Thursday, 4 February 2016

Yahoo! is officially for sale as it lays off 1,700 workers

Yahoo is one of the best-known brands on the internet, but its core internet business is in a grim situation. How grim? There's a debate over whether the company itself — what most of us think of when we think of Yahoo — is actually worth less than zero dollars.


Back in 2005, Yahoo invested $1 billion in one of China's hottest technology startups, Alibaba, getting a roughly 40 percent stake. The bet has paid off handsomely. In 2012, Yahoo sold part of its stake back to Alibaba for $7.6 billion. Since then, Alibaba has continued to grow rapidly, and Yahoo's remaining stake is now worth around $25 billion.
That number is remarkable because Yahoo as a whole isn't worth much more than that. Indeed, if you subtract the value of all of Yahoo's major assets — including a multibillion-dollar stake in Yahoo Japan (an independent subsidiary in which Yahoo is a minority shareholder) and a few billion dollars in cash — from its market value, you get a big negative number. "If you just solve for the missing number, you are forced to conclude that Yahoo's actual core business of being Yahoo (and Tumblr and whatever) is worth negative $13 billion," as Bloomberg's Matt Levine put it in December.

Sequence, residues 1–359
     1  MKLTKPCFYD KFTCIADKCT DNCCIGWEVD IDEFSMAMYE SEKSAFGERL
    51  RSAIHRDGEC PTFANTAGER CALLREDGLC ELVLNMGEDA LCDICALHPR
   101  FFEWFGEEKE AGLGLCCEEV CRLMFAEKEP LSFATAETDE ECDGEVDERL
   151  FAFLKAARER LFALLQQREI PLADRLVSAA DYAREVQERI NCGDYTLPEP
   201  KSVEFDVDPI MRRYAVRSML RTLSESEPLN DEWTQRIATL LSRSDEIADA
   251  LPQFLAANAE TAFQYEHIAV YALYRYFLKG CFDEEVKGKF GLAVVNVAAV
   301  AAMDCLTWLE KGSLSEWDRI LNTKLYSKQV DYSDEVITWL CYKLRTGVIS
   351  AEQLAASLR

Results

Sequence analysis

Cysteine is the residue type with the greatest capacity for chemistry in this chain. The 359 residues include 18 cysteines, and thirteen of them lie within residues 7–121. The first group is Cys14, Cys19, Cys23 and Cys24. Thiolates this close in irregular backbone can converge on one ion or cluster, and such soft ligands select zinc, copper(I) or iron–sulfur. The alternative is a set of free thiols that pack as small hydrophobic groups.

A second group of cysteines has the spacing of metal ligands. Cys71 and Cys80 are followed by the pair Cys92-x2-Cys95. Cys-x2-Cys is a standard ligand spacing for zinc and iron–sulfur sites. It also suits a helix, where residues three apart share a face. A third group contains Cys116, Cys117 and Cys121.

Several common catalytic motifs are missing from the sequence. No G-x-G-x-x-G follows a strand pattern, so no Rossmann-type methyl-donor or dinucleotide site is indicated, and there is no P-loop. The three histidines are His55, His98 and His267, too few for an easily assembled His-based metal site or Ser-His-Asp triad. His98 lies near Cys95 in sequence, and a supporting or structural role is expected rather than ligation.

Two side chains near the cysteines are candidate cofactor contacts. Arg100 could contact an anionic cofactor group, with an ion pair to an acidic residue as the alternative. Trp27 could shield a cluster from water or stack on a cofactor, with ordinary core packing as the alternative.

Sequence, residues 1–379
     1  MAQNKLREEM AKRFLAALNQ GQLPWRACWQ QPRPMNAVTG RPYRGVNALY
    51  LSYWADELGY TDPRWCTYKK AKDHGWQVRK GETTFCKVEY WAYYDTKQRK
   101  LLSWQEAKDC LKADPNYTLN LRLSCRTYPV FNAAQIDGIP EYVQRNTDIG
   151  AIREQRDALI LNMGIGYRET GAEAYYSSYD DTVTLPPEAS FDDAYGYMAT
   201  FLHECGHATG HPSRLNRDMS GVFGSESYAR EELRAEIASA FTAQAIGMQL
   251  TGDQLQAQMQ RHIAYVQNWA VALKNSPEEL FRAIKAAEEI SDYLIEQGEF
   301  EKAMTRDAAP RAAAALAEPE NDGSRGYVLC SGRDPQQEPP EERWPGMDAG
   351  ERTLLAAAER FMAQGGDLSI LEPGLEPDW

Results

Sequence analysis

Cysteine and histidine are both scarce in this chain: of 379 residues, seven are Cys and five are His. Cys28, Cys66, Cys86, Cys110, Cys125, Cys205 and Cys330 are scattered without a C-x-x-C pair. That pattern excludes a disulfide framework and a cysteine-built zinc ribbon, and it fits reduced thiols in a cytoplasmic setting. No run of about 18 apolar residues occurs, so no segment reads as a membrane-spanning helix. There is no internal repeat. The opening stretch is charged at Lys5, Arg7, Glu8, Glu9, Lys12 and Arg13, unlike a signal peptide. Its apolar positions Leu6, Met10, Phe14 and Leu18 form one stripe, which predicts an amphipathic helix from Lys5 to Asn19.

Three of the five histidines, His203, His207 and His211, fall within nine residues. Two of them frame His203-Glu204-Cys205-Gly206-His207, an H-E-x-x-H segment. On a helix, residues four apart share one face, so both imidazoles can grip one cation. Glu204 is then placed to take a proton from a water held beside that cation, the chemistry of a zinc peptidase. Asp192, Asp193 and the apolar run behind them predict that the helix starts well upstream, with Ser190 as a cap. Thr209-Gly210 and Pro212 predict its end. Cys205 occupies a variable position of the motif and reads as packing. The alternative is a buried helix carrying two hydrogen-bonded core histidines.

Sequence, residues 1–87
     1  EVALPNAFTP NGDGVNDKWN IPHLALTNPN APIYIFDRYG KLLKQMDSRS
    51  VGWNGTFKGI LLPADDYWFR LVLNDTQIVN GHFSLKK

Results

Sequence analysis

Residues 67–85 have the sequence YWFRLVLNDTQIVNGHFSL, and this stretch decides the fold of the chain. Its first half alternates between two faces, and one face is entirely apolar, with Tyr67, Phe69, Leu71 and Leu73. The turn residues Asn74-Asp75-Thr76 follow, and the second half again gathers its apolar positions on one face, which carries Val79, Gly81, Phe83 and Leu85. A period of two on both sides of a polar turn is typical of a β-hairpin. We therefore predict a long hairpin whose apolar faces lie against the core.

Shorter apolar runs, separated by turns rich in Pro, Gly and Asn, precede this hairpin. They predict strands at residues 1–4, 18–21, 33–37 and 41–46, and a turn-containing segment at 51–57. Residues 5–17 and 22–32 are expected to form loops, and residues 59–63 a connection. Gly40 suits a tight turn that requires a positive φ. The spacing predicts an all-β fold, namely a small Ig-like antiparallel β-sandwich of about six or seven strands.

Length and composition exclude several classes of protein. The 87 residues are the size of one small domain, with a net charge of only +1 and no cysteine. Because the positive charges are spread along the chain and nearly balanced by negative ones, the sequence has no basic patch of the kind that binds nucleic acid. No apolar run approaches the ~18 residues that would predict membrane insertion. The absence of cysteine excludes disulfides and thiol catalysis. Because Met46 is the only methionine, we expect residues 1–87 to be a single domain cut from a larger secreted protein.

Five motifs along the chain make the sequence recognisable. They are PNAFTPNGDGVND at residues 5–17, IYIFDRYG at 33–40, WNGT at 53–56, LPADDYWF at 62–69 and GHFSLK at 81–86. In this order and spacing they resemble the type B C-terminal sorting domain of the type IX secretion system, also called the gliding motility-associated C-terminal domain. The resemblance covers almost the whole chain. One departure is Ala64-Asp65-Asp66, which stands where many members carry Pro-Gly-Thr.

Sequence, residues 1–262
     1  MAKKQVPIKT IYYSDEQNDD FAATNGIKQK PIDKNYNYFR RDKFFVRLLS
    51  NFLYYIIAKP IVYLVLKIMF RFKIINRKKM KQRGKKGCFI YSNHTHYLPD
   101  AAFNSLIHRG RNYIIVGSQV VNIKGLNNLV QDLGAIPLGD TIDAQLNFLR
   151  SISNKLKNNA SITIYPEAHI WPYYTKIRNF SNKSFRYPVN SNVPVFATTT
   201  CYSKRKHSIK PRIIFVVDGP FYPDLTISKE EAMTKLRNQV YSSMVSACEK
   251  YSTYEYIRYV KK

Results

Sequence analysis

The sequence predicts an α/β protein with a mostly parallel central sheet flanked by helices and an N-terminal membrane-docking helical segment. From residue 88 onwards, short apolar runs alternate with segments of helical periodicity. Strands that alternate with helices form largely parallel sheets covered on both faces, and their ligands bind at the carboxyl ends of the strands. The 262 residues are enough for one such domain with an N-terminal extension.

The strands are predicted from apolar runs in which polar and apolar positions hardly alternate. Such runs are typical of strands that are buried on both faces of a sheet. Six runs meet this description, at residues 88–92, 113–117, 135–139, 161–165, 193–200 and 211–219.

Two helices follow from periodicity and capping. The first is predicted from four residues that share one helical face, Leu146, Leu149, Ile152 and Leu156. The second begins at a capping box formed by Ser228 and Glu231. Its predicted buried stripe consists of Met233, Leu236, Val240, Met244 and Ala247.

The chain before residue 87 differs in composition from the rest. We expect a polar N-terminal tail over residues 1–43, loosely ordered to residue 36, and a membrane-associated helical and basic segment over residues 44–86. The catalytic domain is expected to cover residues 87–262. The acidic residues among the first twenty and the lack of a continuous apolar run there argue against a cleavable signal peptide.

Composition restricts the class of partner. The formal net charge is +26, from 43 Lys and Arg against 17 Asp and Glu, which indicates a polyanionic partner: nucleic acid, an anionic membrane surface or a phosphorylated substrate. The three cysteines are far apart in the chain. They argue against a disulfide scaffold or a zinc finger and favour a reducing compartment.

I don't think that's true, for reasons I'll get into shortly. But it's created a secondary crisis for the company — and a deep distraction for its CEO, Marissa Mayer.
In 2012, Yahoo's board hired Mayer, then one of Google's best-known executives, to turn the company around. Nearly four years later, it's becoming clear that her turnaround effort is failing. Mayer has invested lavishly in both engineering and media talent, but there's no sign that these investments are paying off in the form of higher revenue.
And over the past year, Mayer's management of Yahoo the business has been overshadowed by an argument over whether Yahoo can distribute its Alibaba holdings to shareholders without paying billions of dollars in taxes on them.
Things came to a head on Tuesday, when Yahoo released its quarterly financial results along with a new turnaround plan. Yahoo announced that it was laying off 1,700 workers and focusing on its most successful products — including its search engine and popular email service. But in the same press release, the chairman of Yahoo's board announced that the board is going to "engage on qualified strategic proposals" — that is, consider offers to sell the company.
It's a humiliating announcement for Mayer, because it clearly signals that the board is losing patience with her turnaround efforts. And the looming possibility of a sale is going to make it all the more difficult for her to motivate Yahoo's remaining staff to work hard on her latest turnaround plan.